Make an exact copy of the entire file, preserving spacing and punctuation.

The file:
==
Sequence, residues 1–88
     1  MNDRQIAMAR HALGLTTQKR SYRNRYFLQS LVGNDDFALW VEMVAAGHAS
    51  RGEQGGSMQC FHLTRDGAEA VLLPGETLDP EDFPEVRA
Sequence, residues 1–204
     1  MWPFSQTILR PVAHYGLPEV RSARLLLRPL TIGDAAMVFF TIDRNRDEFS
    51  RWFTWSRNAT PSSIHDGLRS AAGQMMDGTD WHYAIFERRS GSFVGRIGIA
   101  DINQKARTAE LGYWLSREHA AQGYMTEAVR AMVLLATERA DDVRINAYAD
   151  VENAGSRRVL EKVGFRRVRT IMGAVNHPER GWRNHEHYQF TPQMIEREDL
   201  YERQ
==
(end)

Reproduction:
Sequence, residues 1–88
     1  MNDRQIAMAR HALGLTTQKR SYRNRYFLQS LVGNDDFALW VEMVAAGHAS
    51  RGEQGGSMQC FHLTRDGAEA VLLPGETLDP EDFPEVRA
Sequence, residues 1–204
     1  MWPFSQTILR PVAHYGLPEV RSARLLLRPL TIGDAAMVFF TIDRNRDEFS
    51  RWFTWSRNAT PSSIHDGLRS AAGQMMDGTD WHYAIFERRS GSFVGRIGIA
   101  DINQKARTAE LGYWLSREHA AQGYMTEAVR AMVLLATERA DDVRINAYAD
   151  VENAGSRRVL EKVGFRRVRT IMGAVNHPER GWRNHEHYQF TPQMIEREDL
   201  YERQ